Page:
IMAX at Pacific Science Center goes big, bright and bold

When the Harrier jet left the screen and flew into the theater — its nose a few feet from mine — I knew I was in for a new movie-going experience.

The scene was in a demo reel playing in the newly refurbished and upgraded Boeing IMAX Theater at Pacific Science Center in Seattle.

The center rolled out its new theater to the public last week along with the country’s hottest movie ticket: “The Avengers: Age of Ultron.” On Monday it premiered a new documentary: “Humpback Whales 3D.”

The four-month long renovation added a bright laser technology projection system and an earth-shaking sound system along with new seats and screen — the largest in Washington.

The Harrier scene was one of several in the demo that included a space shuttle launch from both outside and inside the spaceship, Hubble Space Telescope imagery, and a NASCAR race that made me feel I was riding on the hood of the cars.

While the cerebral part of my brain was telling me I was just watching an incredibly bright 3D movie, the visceral part of me wanted to reach out and touch the planes, cars and other images.

The Harrier scene was created with CGI, but was seamlessly woven into background imagery of a Canadian frigate off the coast of Vancouver Island.

This isn’t the fully immersive dome or wide screen that some theaters have — it’s a squarish 4:3 ratio. But, it’s big. And bright. The laser 4K projection system also has improved clarity. Bleed over of very dark and very bright neighboring image areas, a common problem in digital projection, seems to have been solved.

Two projectors cover the curved screen. In one of the demo reel sequences, a steam train chugged through the Canadian wilderness on a cloudy day. Steam and clouds, difficult subjects to capture in photography without overexposure, are full of detail.

Also improved is the sound system. I could feel my ribs rattle during the shuttle launch. The new system includes 12 discrete channels plus sub-bass. Additional speakers have been added to walls and the ceiling.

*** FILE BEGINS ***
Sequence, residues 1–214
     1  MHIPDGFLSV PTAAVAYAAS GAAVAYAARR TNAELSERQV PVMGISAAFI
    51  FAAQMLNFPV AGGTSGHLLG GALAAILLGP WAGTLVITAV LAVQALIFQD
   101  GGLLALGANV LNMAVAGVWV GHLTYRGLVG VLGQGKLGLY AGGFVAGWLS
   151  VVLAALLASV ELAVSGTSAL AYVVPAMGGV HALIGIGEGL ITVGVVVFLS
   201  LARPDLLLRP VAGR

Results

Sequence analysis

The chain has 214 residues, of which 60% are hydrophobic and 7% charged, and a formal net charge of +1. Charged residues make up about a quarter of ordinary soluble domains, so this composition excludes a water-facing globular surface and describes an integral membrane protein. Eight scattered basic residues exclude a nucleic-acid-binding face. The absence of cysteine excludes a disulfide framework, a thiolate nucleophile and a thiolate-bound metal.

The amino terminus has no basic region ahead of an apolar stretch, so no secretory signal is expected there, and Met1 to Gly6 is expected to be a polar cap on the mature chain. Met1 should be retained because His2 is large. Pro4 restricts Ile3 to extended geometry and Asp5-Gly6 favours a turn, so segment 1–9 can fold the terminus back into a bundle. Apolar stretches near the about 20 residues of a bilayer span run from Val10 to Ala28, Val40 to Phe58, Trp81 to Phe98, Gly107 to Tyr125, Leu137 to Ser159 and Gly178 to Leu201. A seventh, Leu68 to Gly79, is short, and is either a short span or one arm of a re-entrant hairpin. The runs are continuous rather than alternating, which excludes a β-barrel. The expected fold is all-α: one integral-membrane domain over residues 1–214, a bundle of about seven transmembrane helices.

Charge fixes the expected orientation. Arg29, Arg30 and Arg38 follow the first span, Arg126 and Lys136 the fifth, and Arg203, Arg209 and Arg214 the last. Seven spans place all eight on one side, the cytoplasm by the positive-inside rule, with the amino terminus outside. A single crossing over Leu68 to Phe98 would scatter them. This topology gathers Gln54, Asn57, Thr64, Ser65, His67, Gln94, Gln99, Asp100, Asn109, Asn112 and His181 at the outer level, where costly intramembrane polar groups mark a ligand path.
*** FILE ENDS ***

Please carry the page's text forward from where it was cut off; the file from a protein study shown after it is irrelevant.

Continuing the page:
“Humpback Whales 3D” makes a splash.

Narrated by Ewan McGregor, the documentary is part history, part culture and part biology. The 45-minute film offers an unprecedented view into the world of the humpback whale, which was nearly hunted into extinction half a century ago.

“Humpback” creator Greg MacGillivray is the man behind the first IMAX blockbuster, 1976’s “To Fly” as well as 1998’s “Everest.”

MacGillivray, who was at a screening of the new film on April 29, said this project proved to him that digital projection with laser technology can be better than film.

The underwater photography in “Humpback” is ethereal and at times inventive. More than once the perspective is turned 180 degrees, giving the appearance of whales dancing on a smooth lake surface. The simple effect is spell-binding.

To their credit, the filmmakers didn’t overuse the 3D imagery for gratuitous effect. Instead it simply serves to enhance the you-are-there feel. Most of it was done in post-production. A 950-pound 3D IMAX camera is a bit difficult to wield underwater, MacGillivray said.

The movie was shot in three principal locations: Tonga, Hawaii and Alaska — all stops on the whales’ 10,000-mile-long annual migration. We see group breeching and hear whale songs — when an incessant and out-of-place pop music soundtrack isn’t playing.

We ride along with crews as they race to untangle fishing gear from ensnarled whales. A good portion of time is spent with mother whales and their calves.

A particularly fascinating piece explains how whales take different roles in organized herring hunts.

The soundtrack, mostly different versions of American Authors’ “Best Day of My Life,” derails the majesty of the whales. The awe inspiring imagery should have been left to a more subtle or at least instrumental piece.

Music choices notwithstanding, children and adults will take home fascinating information on whales, the dangers that face them and what’s needed to protect the majestic creatures.